Introduction: Importance of Electric Mobility
Electric vehicles (EVs) are set to replace traditional internal combustion engine vehicles (ICEVs) in coming decades as auto manufacturers increase their production of EVs as a part of the global push to a low-carbon future. One of the key differences between ICEVs and their electric counterparts is the propulsion method: one uses fossil fuel combustion to generate power, while the other uses stored energy. This difference alone affects the overall carbon emission production, with EVs producing far less than ICEVs – even when factoring manufacturing of components and a non-renewable power source. It is for this reason that the transport industry is rapidly shifting towards electrification.
EVs and Energy Storage
The energy storage units within an EV are the most important component of the vehicle, they dictate the car’s abilities in terms of autonomy and range – two metrics that are based on the battery type and charge level. Lithium-ion batteries are the battery of choice for EVs, and while there are different types of lithium batteries on the electric mobility market, lithium is the critical component that unites them. The average lithium-ion battery system in an electric car has 8 kilos (17lbs) of lithium carbonate! As such, this makes lithium a core component – and also highlights just how much lithium will be needed to meet current EV demand.
Lithium batteries are preferred for a very simple reason: they are the most efficient. Lithium’s chemical and physical properties mean that it can store large amounts of energy for its size and has the ability to recharge without losing capacity – these two desirable traits ensure that the alkali metal has a firm grip on the energy storage system market. Breakthroughs in lithium-ion batteries also mean that the capacity and range of EVs is continually increasing, as well as overall charge times – increasing their appeal for both manufacturers and consumers. Research into alternative battery types are still in their infancy, and with investment being poured into expanding current lithium infrastructure, supply chains, and recycling, lithium-ion batteries are certain to play a major role in global low-carbon goals.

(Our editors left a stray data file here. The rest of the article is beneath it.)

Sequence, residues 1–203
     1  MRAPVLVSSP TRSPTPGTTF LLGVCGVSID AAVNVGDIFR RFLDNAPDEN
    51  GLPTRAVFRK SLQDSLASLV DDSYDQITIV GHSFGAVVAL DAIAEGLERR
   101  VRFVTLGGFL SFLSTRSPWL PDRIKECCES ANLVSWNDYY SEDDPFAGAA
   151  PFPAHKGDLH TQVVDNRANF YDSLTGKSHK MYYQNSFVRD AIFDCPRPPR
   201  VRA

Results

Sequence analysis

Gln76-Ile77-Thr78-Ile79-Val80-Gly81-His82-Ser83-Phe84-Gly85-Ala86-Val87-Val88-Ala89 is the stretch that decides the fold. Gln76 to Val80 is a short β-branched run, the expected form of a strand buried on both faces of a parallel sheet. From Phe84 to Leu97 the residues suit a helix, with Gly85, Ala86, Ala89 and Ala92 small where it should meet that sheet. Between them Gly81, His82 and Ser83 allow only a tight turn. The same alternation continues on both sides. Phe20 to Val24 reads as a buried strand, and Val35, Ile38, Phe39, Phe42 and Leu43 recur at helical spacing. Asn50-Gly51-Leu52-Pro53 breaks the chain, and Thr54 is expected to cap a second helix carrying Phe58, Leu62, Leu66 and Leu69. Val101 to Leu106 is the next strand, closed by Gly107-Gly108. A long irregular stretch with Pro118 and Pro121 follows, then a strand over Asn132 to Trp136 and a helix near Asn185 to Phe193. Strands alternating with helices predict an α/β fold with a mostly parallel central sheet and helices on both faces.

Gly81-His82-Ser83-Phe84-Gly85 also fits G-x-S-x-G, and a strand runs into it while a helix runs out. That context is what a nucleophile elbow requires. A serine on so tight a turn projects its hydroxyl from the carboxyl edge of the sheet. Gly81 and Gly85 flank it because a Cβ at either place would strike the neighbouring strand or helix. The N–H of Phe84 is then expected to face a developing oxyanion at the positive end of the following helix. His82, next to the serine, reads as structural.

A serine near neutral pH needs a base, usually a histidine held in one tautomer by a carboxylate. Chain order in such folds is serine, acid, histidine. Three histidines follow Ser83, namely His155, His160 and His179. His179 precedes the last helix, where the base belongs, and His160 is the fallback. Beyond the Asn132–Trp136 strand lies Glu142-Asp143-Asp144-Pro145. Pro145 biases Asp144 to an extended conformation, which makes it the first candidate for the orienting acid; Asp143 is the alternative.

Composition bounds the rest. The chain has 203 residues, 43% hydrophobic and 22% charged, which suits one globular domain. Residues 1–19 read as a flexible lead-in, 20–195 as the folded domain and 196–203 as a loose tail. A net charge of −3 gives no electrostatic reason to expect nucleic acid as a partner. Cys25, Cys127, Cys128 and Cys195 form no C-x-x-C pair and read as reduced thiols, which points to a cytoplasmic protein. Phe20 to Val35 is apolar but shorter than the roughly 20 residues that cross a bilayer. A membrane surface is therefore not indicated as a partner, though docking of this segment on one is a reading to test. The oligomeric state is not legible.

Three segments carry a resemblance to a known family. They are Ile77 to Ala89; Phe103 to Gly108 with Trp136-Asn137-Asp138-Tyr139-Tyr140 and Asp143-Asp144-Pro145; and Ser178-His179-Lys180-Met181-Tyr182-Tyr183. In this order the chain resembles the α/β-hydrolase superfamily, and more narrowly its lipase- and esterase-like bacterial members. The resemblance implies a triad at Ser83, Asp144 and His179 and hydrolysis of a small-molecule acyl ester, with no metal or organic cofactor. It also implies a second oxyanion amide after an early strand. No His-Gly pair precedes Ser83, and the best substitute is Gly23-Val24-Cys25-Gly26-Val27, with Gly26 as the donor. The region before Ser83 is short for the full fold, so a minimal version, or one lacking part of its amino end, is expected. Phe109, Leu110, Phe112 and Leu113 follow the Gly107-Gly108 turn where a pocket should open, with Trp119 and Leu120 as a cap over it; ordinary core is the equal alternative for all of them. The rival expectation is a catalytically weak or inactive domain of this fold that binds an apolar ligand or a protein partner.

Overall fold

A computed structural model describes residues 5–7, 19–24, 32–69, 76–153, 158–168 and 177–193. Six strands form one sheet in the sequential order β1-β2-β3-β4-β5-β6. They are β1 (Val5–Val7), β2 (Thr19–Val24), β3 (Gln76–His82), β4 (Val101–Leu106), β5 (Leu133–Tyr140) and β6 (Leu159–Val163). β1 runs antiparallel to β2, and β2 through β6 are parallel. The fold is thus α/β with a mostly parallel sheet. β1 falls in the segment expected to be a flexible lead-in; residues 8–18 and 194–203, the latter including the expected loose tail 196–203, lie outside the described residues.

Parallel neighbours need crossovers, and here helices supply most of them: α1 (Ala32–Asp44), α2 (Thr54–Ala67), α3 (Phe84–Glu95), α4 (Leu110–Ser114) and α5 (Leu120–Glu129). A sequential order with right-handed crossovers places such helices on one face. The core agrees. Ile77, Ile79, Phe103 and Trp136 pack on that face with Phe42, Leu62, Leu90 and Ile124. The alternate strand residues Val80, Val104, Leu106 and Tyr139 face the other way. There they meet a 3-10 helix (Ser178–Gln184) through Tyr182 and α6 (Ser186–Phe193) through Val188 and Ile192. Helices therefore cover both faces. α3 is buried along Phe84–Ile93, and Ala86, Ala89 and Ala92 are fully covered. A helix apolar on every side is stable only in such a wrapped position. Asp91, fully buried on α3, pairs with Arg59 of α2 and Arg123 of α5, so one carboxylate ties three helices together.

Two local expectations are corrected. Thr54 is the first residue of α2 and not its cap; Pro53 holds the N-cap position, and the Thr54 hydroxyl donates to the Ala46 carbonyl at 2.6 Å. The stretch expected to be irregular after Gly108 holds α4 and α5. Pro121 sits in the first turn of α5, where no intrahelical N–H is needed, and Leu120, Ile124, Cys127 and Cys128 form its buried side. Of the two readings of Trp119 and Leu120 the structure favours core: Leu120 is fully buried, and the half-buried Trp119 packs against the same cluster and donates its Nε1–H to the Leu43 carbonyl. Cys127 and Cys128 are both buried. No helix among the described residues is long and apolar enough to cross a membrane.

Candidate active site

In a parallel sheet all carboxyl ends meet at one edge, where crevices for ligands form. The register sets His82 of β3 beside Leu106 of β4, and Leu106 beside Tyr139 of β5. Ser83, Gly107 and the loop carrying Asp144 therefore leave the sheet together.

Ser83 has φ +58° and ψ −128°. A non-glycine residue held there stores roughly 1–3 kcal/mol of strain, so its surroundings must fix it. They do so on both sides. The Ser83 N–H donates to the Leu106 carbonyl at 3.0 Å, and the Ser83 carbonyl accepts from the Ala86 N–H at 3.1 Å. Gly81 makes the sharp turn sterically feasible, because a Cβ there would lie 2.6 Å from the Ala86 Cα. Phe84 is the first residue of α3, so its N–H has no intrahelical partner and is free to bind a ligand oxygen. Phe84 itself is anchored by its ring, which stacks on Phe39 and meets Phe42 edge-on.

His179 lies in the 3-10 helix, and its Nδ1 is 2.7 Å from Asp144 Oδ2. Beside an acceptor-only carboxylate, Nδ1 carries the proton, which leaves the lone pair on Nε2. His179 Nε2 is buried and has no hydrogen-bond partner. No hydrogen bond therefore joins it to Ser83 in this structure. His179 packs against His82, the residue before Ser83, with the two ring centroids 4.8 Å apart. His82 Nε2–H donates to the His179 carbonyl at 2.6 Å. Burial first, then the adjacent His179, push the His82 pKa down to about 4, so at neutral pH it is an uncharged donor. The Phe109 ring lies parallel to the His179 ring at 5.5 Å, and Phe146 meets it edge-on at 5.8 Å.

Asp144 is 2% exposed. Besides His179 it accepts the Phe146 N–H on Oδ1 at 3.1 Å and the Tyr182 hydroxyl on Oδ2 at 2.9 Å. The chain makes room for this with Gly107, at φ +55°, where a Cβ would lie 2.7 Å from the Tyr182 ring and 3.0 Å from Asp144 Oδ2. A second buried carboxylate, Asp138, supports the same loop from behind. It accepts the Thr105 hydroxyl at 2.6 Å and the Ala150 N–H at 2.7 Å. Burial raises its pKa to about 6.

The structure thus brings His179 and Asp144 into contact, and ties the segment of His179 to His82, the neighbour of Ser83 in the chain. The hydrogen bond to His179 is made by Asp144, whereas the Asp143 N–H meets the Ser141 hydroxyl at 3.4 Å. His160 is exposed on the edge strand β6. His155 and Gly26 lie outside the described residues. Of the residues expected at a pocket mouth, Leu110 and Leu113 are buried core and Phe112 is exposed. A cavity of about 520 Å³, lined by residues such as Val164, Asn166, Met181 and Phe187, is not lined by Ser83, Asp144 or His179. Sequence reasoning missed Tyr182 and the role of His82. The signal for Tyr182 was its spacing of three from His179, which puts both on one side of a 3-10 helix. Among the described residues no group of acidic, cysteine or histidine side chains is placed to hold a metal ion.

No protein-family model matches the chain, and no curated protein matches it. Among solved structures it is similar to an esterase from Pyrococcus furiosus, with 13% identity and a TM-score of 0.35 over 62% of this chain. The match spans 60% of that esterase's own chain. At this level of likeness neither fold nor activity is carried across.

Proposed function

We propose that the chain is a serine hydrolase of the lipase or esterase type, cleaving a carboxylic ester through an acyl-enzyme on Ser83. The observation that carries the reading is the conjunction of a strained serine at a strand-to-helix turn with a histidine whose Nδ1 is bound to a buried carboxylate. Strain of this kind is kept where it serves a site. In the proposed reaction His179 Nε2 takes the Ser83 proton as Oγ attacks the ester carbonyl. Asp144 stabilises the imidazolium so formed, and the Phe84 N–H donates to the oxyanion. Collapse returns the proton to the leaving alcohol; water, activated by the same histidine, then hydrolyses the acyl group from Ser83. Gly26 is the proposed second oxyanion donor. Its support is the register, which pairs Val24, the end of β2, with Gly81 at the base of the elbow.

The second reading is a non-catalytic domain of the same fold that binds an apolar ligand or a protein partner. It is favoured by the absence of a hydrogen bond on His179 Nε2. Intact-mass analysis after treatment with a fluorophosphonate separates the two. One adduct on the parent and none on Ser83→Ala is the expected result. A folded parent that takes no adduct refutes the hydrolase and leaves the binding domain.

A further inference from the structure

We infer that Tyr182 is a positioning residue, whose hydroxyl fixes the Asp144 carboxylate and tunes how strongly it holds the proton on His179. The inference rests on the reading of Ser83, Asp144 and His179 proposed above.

Already found within our consumer electronics, the lithium supply chain is already developed, but additional investments are needed to ensure that the scale of extraction and production is increased to meet demand. Major auto manufacturers have indicated that they are replacing their ICEV production lines with EVs or hybrids, while the renewable energy sector is using large-scale lithium batteries to deal with intermittency issues. The demand for lithium is continually increasing, and current models show a deficit in supply within three to four years. While the retrieval of lithium has been at the center of global debates on sustainable mining practices, new technologies are being developed by innovative companies like EnergyX that make the entire lithium supply chain more sustainable and efficient from brine to battery.
EnergyX’s LiTAS™ Direct Lithium Extraction (DLE) technology and SoLiS™ lithium-ion batteries are disrupting the billion-dollar lithium market. DLE has been touted as a game changer by experts including McKinsey, which has stated that “Direct lithium extraction and direct lithium to product offer significant promise of increasing lithium supply, reducing the industry’s environmental, social, and governance footprint, and lowering costs.” By creating faster, more sustainable lithium extraction operations and efficient lithium-ion batteries, EnergyX is reducing the bottleneck in supply for energy storage units destined for electric vehicles and renewable energy.
Conclusion: A Critical Element
The latest Intergovernmental Panel on Climate Change (IPCC) report warns that our window to meaningfully reduce carbon emissions and keep global warming under 1.5 °C is rapidly closing. Key to this goal is the rapid decarbonization of the transport and energy industries. Lithium is integral to both. The element’s properties make it ideal for use as an energy storage system capable of being repeatedly recharged, and continued research is making it far more efficient. With applications within transport as well as large-scale grid power providers, lithium-ion batteries are critical to the global transition to low-carbon. However, mounting demand is threatening to slow the global clean energy and electric mobility transition – highlighting the need for the innovative technology developed by EnergyX.